Or, for example, they may know about the interests of the composer or his ideas through the orchestra directors and know what he/she is interested in. In general, the composer has much more authority in his/her composition than what is expected in many cases, and therefore the thinking that there is a difference between commissioned and non-commissioned work is wrong. At least for me, there has been no difference.
Regarding Ferdowsi, in my opinion, Shahnameh is one of the greatest masterpieces of literature. It is very interesting that the comparison of Ferdowsi’s image in society and as portrayed by statues, etc., with the Shahnameh itself, reminds me of the same analogy about Bach’s image and his music. The image of an old, dry and uncreative person who only cares about preserving tradition and “rules”. While examining the works of the two, one will see how creative, dramatic and coherent they are. Ferdowsi reminds me a lot of Shakespeare who took stories and made them more attractive and with higher artistic value. In my opinion, Ferdowsi was the preserver of traditions; not in the sense of transferring them, but in the sense of Mahler’s famous quote “Tradition is not the worship of ashes, but the preservation of fire.”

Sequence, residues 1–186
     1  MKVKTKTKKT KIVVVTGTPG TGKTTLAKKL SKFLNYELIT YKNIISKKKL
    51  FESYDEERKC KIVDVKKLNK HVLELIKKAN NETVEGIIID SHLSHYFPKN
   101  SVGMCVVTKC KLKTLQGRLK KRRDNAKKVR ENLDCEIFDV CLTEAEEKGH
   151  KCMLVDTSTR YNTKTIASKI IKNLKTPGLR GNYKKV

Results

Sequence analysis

- A brief examination of Ardavan Kamkar’s Santour playing style
- Lilly Afshar, Iranian Guitar Legend, passed away
- Mohammad Esmaili passes away
- Inefficiency of some chords and harmonization systems in Iranian music
- The response of the fired musicians to the interview of the managing director of Rudaki Foundation
- Loss of Development in Iranian Music
- Last Year under the Light of Music
- Interview with Farhad Poupel (II)
- Interview with Farhad Poupel (I)
- About Davoud Pirnia, the founder of “Golha” radio program
- Rouhollah Khaleghi Artistic Center established in Washington DC
- Ruggero Chiesa’s Legacy
From Past Days…